Connecticut laws/regulations;

OLR Research Report

February 7, 2013




By: James Orlando, Associate Analyst

You asked (1) about the law or practice regarding people receiving home care services being forced to go to a hospital, rather than a shelter, during a weather emergency and (2) whether a person in that situation has to pay for hospital services.


We did not find any laws specifically addressing your questions. According to Wendy Furniss, branch chief for the Department of Public Health's (DPH) Healthcare Quality and Safety branch, the law does not require emergency shelters to transfer patients to hospitals. However, the law also does not require such shelters to offer medical services. If someone arrives at an emergency shelter and later there is a change in the person's circumstances necessitating medical care, it is possible that the person may then be transferred to a hospital or other medical setting.

According to Furniss, during Storm Sandy, many private insurers were willing to cover nursing home care on a temporary basis for people who were displaced from their homes. Some hospitals also provided free care to people in the community, or only charged room and board rather than the regular in-patient rate.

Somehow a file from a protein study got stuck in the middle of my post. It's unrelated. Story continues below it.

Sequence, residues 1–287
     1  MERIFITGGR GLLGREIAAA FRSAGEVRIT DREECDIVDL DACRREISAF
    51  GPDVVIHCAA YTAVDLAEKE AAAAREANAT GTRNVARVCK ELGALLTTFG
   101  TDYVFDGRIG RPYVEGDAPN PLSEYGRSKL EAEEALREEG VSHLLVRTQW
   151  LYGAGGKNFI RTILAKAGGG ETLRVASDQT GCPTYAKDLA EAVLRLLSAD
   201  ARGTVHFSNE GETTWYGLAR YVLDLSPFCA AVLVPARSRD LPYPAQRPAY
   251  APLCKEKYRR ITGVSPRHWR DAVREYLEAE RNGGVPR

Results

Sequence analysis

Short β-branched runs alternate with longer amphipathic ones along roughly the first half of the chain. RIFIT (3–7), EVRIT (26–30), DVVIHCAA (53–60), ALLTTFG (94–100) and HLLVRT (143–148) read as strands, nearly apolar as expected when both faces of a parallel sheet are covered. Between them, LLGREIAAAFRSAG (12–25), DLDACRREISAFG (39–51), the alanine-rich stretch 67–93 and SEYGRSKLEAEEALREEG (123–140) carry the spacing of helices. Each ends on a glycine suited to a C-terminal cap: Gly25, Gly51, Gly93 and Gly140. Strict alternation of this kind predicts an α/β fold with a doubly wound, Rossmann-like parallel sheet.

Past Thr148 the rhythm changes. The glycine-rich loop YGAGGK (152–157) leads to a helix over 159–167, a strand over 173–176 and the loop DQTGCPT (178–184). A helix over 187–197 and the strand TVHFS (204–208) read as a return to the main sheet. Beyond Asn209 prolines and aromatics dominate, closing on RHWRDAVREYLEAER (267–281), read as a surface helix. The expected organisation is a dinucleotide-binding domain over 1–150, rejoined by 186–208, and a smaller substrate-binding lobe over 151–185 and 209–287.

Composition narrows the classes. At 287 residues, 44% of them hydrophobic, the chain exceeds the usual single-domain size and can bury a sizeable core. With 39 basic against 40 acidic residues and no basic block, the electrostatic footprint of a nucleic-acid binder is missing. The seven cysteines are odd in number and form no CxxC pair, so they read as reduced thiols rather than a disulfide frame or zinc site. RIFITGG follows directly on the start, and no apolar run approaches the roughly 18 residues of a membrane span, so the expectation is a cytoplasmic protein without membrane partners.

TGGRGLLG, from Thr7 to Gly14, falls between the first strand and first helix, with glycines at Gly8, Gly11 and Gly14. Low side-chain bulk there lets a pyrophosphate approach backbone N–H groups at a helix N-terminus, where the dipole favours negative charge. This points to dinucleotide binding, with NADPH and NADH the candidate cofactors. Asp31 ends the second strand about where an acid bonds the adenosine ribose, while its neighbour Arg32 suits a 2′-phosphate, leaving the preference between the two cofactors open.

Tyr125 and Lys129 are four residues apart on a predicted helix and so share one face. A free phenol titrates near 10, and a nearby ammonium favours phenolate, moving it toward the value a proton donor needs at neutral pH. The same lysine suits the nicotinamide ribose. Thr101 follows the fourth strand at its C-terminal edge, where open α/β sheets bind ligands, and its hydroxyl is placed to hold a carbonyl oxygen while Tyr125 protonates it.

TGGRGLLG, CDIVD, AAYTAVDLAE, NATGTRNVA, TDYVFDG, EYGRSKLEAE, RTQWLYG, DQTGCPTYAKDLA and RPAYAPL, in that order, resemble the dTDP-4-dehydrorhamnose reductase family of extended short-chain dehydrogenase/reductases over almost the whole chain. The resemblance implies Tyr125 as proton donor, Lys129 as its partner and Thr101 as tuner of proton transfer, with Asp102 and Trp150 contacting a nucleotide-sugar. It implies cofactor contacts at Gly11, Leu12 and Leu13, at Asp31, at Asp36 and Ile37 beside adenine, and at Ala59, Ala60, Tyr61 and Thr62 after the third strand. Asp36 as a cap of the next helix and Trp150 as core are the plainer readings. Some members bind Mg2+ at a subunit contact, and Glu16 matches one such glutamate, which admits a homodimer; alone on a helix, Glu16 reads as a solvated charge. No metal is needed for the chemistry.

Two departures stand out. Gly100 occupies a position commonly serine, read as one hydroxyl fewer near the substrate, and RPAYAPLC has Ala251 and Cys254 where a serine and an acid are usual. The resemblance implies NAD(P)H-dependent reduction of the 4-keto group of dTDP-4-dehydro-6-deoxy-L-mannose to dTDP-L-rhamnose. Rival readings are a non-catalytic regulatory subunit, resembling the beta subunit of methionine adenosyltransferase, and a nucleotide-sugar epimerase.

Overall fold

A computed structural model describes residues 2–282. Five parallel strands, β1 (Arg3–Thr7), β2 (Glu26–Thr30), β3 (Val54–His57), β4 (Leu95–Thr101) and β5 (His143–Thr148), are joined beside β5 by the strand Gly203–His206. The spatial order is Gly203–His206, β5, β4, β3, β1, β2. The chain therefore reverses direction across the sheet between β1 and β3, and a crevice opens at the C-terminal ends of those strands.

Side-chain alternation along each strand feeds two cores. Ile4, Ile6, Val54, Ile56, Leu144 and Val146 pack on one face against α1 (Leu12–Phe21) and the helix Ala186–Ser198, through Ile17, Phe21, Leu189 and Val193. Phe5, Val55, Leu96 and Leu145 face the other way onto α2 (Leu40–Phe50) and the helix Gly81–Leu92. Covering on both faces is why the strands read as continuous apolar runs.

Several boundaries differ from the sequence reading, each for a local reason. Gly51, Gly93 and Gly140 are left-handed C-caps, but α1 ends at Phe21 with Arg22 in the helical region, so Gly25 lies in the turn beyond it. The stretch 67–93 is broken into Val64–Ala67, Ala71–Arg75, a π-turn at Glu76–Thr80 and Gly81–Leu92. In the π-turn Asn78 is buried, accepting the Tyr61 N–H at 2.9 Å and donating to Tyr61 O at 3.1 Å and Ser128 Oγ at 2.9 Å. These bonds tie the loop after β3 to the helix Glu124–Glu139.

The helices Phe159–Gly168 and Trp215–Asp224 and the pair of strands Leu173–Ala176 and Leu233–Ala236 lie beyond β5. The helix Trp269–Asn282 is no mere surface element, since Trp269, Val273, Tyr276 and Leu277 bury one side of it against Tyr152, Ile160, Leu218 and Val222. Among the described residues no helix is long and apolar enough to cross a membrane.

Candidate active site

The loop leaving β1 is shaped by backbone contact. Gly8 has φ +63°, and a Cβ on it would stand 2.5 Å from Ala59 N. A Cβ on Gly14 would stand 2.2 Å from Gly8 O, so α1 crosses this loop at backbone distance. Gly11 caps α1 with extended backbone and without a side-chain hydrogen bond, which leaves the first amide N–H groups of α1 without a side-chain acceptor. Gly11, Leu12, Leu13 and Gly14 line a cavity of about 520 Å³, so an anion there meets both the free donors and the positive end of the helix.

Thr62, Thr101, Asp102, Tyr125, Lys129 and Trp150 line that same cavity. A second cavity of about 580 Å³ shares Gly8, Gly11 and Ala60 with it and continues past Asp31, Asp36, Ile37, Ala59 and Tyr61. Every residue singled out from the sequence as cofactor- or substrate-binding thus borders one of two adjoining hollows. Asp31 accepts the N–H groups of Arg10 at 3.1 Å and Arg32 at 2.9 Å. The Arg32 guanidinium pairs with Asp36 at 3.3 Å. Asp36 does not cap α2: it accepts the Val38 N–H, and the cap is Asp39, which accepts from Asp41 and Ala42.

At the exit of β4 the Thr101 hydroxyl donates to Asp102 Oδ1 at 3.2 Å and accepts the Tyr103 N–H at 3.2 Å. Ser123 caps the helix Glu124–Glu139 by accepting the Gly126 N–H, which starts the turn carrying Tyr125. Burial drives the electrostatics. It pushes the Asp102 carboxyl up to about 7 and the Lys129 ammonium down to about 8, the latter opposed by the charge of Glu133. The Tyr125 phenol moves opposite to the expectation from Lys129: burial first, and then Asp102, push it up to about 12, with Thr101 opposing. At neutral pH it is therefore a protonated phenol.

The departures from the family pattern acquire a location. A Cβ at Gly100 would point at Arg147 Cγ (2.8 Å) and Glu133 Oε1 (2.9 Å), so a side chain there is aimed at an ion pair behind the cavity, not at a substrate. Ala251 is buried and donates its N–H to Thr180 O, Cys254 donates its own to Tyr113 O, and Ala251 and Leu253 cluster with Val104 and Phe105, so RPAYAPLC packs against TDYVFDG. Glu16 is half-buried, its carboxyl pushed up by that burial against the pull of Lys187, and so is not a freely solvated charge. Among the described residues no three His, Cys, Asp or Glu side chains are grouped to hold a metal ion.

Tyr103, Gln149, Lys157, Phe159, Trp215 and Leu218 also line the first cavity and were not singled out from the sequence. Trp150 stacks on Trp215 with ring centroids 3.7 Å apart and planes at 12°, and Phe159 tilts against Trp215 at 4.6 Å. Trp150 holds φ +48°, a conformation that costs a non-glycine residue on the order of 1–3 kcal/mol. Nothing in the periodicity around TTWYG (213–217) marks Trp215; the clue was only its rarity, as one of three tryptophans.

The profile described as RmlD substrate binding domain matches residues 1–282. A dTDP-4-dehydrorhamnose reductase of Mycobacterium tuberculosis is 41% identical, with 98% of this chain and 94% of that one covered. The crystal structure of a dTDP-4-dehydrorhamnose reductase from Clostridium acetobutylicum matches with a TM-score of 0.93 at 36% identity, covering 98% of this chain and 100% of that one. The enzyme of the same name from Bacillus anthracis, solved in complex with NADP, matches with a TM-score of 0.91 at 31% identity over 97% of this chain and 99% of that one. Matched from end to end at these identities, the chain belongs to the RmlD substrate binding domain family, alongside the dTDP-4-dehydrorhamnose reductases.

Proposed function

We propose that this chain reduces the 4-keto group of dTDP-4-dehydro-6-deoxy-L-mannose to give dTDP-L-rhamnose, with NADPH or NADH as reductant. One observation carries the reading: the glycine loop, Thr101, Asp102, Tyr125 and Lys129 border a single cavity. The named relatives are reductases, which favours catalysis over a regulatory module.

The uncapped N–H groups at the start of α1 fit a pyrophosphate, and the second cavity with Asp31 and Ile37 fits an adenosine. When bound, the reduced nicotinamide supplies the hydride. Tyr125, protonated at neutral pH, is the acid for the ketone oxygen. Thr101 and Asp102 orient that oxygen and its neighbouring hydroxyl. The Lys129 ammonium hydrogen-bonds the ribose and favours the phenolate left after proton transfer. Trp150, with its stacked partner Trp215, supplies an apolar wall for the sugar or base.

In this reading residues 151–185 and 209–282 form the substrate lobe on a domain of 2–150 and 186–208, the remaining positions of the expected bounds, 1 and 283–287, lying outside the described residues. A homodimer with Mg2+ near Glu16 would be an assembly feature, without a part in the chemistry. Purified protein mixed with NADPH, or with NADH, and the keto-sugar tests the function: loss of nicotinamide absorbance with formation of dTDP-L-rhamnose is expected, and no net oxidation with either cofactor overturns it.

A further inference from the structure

In anticipation of Storm Sandy reaching Connecticut, DPH sent a memo to emergency medical services (EMS) organizations to advise them on procedures for the transportation of patients during the storm. The memo advised EMS organizations, in situations where there was not an acute medical concern, to consider the shelter's capabilities, caregivers, and resources when selecting an appropriate destination for transport.

DPH regulations require home health agencies to have emergency plans in the case of weather emergencies or similar events.

Federal law requires state Medicaid agencies to screen patients for the potential existence of mental health and related conditions before they can be placed in nursing homes, to be sure they receive an appropriate level of care. This is known as the Pre-Admission Screening and Resident Review (PASRR) (42 C.F.R. 483.100 et seq.). However, the PASRR regulations allow for admissions without this screening for up to seven days in emergency situations requiring protective services.